Finger’d their packet, and in fine withdrew
    To mine own room again; making so bold,
    My fears forgetting manners, to unseal
      Their grand commission; where I found, Horatio—
    O royal knavery!—an exact command,
    Larded with many several sorts of reasons
    Importing Denmark’s health and England’s too,
    With, ho! such bugs and goblins in my life,
    That, on the supervise, no leisure bated,
    No, not to stay the grinding of the axe,
    My head should be struck off.

    The first I love because of its extraordinary sadness, a sadness which is not indulged, however, because the language is so focussed. The second (from ‘Hamlet’) I love because of the grand – and focussed – energy of syntax: it is not mere orotund gesturing as, I am afraid, that sentence of Nick Tosches’ quoted above strikes me as being, and as a many modern attempts at writing in a ‘high style’ strike me as being.

  9. The aggregate of our joy and suffering, thousands of confident religions, ideologies, and economic doctrines, every hunter and forager, every hero and coward, every creator and destroyer of civilization, every king and peasant, every young couple in love, every mother and father, hopeful child, inventor and explorer, every teacher of morals, every corrupt politician, every “superstar”, every “supreme leader”, every saint and sinner in the history of our species lived there — on a mote of dust suspended in a sunbeam.

    Pale Blue Dot is the only science book that ever made me cry. “…a mote of dust suspended in a sunbeam” will echo in my head forever.

  10. I don’t have an acquisitive nature, excepting that picture, which I can never look at without wishing the cat was mine.

  11. O for a muse of fire that would ascend the brightest heaven of invention. A kingdom for a stage, princes to act, and monarchs to behold the swelling scene!

      1. Who then gloriously sent up classical actors ‘of the old school’ on an episode of frasier


        1. Oh, Derek Jacobi – an actor I have never liked(Sorry!). The trouble is, his real acting is not so far from the parody he presents in that clip… A year or so ago, he produced, with some actress whose name I can’t remember (Samantha Eggar, perhaps?), an appallingly bad CD of readings from Milton in Naxos’s Great Poets series – readings in which all the over-the-top indulgence he displays on that clip was on grand display – a CD which I savaged in the pages of PN Review.

          1. And again (Sorry!) I didn’t like Branagh’s film of Hamlet; but it had one really first-rate performance, to my mind: that of Charlton Heston as the First Player.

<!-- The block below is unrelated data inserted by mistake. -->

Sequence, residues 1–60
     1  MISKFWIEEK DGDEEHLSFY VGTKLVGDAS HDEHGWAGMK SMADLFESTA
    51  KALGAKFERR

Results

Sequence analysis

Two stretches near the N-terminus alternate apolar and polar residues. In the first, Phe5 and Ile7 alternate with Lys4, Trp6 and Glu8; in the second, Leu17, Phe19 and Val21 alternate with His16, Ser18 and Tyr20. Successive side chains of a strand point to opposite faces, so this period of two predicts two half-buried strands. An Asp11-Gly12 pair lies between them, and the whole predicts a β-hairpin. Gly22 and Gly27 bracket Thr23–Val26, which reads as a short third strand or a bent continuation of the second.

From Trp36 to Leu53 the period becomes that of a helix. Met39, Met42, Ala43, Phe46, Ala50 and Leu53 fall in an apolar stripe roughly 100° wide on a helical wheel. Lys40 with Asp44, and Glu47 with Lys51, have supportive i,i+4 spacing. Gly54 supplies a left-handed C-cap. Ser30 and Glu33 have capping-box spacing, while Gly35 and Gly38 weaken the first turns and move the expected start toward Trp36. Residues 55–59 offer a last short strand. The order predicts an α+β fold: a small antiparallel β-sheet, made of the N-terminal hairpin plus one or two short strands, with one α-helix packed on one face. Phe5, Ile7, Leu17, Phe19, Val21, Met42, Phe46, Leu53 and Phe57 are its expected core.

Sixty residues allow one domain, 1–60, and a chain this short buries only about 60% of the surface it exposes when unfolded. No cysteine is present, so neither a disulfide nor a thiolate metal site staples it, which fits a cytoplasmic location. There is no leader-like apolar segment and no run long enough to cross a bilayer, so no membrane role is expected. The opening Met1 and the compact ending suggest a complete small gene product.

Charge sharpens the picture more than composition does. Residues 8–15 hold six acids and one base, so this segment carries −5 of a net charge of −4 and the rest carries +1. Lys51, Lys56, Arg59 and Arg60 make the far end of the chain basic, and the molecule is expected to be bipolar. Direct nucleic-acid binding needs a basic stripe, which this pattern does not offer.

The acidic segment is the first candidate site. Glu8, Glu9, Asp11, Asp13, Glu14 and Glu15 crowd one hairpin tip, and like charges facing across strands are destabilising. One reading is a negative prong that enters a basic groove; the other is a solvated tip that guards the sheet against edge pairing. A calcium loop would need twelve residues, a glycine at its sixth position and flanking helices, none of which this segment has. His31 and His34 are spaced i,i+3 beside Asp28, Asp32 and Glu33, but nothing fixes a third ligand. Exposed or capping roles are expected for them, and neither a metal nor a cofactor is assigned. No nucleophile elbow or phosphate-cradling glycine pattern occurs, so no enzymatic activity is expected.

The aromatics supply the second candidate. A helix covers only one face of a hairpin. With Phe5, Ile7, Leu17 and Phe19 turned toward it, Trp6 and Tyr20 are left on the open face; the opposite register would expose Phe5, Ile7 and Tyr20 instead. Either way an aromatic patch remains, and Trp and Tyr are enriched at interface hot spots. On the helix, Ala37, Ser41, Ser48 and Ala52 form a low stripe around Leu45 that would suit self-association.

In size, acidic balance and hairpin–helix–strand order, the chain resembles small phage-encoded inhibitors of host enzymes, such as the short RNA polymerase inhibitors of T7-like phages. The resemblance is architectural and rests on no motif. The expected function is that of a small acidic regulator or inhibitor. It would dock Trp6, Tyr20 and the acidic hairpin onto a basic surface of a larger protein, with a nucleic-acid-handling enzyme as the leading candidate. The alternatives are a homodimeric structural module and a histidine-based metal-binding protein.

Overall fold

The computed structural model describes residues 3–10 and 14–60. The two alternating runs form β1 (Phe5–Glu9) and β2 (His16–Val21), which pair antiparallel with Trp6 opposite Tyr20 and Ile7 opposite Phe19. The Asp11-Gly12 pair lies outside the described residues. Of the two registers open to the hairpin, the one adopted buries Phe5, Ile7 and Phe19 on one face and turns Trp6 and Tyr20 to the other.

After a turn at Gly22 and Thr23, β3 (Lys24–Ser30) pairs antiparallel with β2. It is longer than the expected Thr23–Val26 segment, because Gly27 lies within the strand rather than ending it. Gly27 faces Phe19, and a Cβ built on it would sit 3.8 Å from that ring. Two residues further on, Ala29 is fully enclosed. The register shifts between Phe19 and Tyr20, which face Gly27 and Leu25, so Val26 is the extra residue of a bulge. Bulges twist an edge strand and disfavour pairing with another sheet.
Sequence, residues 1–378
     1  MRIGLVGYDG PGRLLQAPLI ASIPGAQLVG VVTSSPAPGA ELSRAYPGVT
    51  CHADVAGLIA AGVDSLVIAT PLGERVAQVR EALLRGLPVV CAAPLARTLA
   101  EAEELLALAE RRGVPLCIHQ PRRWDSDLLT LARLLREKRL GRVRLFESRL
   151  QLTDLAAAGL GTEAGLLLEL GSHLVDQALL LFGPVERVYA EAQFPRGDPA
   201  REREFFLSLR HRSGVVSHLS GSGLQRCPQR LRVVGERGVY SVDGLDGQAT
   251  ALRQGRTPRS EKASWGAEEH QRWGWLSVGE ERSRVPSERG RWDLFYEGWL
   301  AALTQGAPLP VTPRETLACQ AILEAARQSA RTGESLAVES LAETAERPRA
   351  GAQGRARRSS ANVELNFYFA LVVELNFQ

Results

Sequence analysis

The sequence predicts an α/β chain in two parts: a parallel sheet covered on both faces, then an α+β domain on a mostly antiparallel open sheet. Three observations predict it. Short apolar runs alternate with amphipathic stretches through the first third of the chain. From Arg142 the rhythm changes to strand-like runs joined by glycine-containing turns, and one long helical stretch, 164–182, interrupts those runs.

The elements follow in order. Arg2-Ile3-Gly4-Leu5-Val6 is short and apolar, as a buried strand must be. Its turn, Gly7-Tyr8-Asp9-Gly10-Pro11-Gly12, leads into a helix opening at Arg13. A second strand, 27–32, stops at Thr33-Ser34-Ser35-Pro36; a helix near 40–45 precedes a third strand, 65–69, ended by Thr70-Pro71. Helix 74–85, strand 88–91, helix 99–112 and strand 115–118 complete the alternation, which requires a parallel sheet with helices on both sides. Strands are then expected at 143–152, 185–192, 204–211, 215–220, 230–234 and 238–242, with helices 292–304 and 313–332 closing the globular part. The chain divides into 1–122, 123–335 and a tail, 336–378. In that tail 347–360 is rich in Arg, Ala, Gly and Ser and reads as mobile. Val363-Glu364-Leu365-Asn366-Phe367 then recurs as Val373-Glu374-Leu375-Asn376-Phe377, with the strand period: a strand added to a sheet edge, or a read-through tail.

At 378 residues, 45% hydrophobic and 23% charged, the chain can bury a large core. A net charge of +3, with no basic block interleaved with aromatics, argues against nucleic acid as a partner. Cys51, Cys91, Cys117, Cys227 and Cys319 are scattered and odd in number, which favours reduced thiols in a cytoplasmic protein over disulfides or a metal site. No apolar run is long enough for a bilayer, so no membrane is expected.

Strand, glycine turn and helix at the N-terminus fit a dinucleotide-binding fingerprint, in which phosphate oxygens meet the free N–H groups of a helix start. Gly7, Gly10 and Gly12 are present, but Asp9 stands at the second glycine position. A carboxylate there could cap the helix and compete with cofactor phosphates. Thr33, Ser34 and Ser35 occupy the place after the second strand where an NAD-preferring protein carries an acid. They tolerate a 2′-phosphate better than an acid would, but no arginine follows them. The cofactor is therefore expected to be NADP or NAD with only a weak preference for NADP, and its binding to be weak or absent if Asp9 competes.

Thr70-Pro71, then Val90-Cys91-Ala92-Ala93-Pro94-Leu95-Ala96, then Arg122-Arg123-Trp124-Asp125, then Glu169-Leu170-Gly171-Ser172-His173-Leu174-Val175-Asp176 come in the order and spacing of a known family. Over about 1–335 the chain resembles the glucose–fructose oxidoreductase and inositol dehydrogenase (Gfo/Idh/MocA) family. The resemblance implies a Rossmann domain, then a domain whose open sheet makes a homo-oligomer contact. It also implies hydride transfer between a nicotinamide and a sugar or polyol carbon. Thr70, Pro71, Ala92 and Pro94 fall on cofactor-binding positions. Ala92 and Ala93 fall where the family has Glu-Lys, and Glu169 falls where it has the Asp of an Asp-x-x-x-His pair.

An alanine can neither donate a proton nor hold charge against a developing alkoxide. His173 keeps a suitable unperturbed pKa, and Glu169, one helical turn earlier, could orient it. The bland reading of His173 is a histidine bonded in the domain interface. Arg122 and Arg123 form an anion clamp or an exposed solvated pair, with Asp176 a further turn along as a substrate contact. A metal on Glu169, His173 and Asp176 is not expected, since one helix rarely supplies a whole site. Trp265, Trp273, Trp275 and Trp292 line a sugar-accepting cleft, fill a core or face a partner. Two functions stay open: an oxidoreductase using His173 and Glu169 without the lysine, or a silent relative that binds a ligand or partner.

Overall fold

2. Yes – and like YM, I like his H5, don’t like his Hamlet.

            I know what you mean about Jacobi, and had the same thought about the Frasier self-parody. But at his best he’s brilliant. Have you ever seen the BBC Hamlet? That’s our Derek, who had just done a very well-received stage version when the Beeb was putting together its Hamlet. There’s a lot of brilliant in there.

            And his Macbeth in Stratford in 1994.

          3. Well, I shall not say what I thought of DJ’s Hamlet, though it may be inferred… but the hreatest Hamlet I have seen, whether on stage or on screen, is Innokenty Smoktunovsky in Grigor Kozintsev’s film (in Russian, of course); it is really worth seeing, because, being all Russians (Smoktunovsky was, as I recall, gaoled under Stalin, who didn’t allow performances of Hamlet for obvious reasons) – being all Russians, they understood the public and poltical nature of the play, an understanding that does not deny Hamlet’s inwardness; so many Western European or American productions concern themselves cripplingly, it seems to me, with Hamlet’s psychology alone (and I definitely include Olivier in this). But do see Kozintsev’s Hamlet if you can; videos or DVDs are readily available. And there is Shostakovich’s wonderful score.

  12. “As much mud in the streets, as if the waters had but newly retired from the face of the earth, and it would not be wonderful to meet a Megalosaurus, forty feet long or so, waddling like an elephantine lizard up Holborn Hill.”–Charles Dickens, Bleak house.

  13. “It was one of those hot dry Santa Anas that come down through the mountain passes and curl your hair and make your nerves jump and your skin itch. On nights like that every booze party ends in a fight. Meek little wives feel the edge of the carving knife and study their husbands’ necks. Anything can happen.”-Raymond Chandler, opening line to his 1938 story “Red Wind”

  14. One of my favorites is “She would of been a good woman,” the Misfit said, “if it had been somebody there to shoot her every minute of her life.”

    A violent scene in Flannery O’Connor’s story “A Good Man Is Hard To Find,” but what an insight!

    1. If He did what He said, then it’s nothing for you to do but thow away everything and follow Him, and if He didn’t, then it’s nothing for you to do but enjoy the few minutes you got left the best way you can by killing somebody or burning down his house or doing some other meanness to him.

      The scary thing is there’s still a lot of people who think like that.

      1. If I were at a Q&A where someone asked the atheist speaker: “what’s to keep you from doing whatever you want – rape, theft, etc?”, I’d definitely leave the building by a different exit.